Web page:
Comics are trendy. They have become an essential part of the licencing and film industry and at the same time have found their way back into the big newspapers and magazines. Almost every editor who knows his trade has one or several of the best known comic book artist working for them. Their usually fill the cultural pages, are featured in articles and on front covers or draw comic strips and stories to entertain the readers on a rare or regular basis. This concept isn’t new at all. And by the way: Telling stories has been an important tradition in any culture or society so far. For example "Bayeux". The famous tapestry in France tells the story of the Roman Conquest in 1066 – on an epic scale of 70 meters. And of course this isn’t the "first" attempt to etenalize a historic event by leaving behind a sequence of pictures. But it surely is a very good one, created ca. 1070. The comic books as we know them today finally originated at the end of the 18th century. A time which brought about many cultural and technical innovations also known as the "Victorian Age". A term that gets me thinking of powdered wigs, stiff upper lips and of course "Dangerous Liaisons". But still there was way to go from the first lithographic print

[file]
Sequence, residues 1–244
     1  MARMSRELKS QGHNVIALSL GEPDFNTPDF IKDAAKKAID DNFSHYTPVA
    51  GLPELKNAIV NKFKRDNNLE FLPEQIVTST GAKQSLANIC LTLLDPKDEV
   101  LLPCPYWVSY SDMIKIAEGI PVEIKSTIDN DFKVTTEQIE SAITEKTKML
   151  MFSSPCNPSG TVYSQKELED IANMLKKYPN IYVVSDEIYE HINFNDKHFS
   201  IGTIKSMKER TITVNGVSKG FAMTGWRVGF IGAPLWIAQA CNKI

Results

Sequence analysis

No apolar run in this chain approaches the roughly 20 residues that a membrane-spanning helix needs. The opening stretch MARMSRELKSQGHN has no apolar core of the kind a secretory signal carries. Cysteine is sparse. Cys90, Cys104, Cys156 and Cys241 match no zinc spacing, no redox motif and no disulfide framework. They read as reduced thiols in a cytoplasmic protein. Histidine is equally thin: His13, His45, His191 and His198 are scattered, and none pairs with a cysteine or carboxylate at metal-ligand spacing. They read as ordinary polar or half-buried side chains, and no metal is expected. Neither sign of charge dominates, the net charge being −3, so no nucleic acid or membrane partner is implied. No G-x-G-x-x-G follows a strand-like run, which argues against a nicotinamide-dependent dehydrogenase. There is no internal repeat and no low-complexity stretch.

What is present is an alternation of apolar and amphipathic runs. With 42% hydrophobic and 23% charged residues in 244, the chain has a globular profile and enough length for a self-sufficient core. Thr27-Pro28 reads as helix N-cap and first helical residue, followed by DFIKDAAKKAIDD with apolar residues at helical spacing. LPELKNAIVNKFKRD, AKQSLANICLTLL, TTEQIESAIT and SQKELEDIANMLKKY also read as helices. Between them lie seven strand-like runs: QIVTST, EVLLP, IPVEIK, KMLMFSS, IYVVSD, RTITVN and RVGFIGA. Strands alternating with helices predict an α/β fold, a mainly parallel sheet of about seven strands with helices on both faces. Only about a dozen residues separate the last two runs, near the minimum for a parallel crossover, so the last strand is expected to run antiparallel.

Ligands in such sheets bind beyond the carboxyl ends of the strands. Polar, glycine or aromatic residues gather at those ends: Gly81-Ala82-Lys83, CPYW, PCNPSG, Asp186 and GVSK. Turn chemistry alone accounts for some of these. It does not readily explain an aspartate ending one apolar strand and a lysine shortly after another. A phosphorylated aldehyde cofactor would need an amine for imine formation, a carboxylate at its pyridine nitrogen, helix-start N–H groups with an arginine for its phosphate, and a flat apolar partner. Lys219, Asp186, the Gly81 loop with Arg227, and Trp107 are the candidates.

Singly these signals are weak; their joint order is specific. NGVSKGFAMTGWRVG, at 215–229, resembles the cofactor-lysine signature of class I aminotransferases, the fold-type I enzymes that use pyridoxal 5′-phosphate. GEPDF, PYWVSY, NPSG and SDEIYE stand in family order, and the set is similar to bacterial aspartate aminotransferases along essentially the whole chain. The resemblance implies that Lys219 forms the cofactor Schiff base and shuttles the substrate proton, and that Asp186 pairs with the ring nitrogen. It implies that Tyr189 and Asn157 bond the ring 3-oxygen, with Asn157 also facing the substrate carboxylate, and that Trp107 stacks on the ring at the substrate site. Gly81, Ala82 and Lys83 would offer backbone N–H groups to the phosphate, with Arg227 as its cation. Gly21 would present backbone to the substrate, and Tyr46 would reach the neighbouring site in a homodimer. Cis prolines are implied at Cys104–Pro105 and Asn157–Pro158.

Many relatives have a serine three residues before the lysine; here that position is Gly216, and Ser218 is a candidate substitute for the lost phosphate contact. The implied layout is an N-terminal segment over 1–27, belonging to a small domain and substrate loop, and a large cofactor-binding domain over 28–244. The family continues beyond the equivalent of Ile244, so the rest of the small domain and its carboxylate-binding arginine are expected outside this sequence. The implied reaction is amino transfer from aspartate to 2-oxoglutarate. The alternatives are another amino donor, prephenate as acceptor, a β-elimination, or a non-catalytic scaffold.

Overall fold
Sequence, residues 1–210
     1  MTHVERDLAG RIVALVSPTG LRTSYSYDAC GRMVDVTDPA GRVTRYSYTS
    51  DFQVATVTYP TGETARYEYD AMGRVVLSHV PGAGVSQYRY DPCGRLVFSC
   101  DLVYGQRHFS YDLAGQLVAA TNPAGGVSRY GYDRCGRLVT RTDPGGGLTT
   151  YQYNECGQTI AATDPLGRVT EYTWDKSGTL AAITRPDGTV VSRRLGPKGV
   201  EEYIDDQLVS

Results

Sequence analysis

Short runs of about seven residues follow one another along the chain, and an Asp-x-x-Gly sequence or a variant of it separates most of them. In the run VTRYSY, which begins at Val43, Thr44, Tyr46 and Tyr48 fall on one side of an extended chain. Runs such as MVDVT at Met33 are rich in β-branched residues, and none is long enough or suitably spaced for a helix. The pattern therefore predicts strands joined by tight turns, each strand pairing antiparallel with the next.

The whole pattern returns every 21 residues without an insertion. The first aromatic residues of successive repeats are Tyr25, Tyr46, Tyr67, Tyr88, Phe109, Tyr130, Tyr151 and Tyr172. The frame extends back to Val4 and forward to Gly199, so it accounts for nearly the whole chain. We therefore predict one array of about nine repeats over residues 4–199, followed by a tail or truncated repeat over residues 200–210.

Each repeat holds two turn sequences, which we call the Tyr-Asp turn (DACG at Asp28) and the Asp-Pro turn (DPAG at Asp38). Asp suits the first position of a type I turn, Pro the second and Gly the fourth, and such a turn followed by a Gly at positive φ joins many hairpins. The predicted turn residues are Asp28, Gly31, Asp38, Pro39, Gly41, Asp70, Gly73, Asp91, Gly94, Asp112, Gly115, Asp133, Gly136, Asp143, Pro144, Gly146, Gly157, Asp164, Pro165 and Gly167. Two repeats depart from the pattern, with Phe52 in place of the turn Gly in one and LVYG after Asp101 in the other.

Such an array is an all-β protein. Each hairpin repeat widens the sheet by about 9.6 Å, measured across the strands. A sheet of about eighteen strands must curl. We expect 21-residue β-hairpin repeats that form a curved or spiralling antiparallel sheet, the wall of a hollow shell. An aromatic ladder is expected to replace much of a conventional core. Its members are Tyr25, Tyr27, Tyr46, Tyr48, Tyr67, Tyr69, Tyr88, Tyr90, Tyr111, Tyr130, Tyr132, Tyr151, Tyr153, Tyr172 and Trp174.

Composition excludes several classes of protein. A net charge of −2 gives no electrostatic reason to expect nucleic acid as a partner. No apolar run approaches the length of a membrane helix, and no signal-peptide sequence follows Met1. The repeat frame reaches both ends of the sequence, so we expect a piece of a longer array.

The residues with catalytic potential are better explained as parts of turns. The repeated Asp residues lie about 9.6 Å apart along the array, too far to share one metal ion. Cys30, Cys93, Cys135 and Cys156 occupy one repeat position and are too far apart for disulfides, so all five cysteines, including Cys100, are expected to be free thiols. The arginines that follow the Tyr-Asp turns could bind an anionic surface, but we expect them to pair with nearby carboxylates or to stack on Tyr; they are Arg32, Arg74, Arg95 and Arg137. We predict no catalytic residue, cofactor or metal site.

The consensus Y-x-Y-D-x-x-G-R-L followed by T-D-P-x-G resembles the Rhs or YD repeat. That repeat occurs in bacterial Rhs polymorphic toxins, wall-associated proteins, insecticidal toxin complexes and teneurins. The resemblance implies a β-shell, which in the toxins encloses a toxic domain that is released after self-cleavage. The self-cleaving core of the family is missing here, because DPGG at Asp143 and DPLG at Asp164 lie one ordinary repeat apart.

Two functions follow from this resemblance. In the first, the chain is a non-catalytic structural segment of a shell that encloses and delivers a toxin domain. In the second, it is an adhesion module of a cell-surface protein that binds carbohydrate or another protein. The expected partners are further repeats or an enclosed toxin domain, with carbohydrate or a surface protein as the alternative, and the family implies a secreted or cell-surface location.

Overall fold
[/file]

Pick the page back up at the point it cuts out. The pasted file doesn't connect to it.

paper that made it possible to reproduce pictures under very difficult circumstances to the kind of mass production that today seems so normal. And I bet noone even dreamed of digital comics back then.
Source: More interesting stuff on Bayeux: wikipedia.org (http://de.wikipedia.org/wiki/Teppich_von_Bayeux)